Sefer Ha-Aggadah 1:2:73:
“And on the seventh day God finished” (Gen. 2:2). Isn’t this statement curious? Geniva explained it by the parable of a king who made a bridal chamber, which he painted and decorated. Now, what did the bridal chamber still lack? The bride to enter it. So, too, what did the world still lack? The Sabbath.
A footnote (in the English version, but I’m not sure if it’s in the Hebrew edition) clarifies for us what the confusion is over, saying, “Did not God finish His work of creation in six days? Why then does Scripture say He finished on the seventh day?”
There is indeed something odd about the idea that the world is complete on it’s seventh day.
Chapter one of Genesis details the six days of creation, while chapter two begins with the first Shabat. The first Shabat goes off without a hitch, but after that, everything goes south.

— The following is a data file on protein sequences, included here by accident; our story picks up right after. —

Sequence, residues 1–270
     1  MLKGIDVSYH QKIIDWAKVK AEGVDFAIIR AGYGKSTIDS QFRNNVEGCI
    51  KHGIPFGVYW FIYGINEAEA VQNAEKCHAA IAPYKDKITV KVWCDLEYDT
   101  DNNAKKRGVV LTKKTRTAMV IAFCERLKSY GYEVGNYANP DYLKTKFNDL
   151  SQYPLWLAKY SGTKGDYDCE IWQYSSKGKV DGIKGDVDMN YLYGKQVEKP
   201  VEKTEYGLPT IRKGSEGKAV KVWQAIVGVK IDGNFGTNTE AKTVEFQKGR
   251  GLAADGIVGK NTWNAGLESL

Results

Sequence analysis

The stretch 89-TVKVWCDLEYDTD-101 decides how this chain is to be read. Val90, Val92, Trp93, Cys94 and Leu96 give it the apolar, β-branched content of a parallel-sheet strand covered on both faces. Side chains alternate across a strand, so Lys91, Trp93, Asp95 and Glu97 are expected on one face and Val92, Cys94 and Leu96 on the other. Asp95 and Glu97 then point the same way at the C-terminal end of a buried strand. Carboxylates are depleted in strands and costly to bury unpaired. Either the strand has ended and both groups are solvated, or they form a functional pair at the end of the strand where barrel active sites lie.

The snake misbehaves, humans eat of forbidden fruit, we’re kicked out of Gan Eden, and, pretty soon, you’ve got the invention of fratricide all in a pretty short span of text.
So things are fine on the first Shabat, but afterward, the world descends back into a chaotic, unfinished state. And so it goes for us every week.
We try to reach stopping points on each of our own personal projects of creation every Friday afternoon so that we can enjoy a day of wholeness and finished-ness. And then, somwhere around that third star’s arrival on Saturday night, everything goes south again and the work of mending, building, constructing, and creating begins again.
And on that note, Shabat Shalom, blogosphites!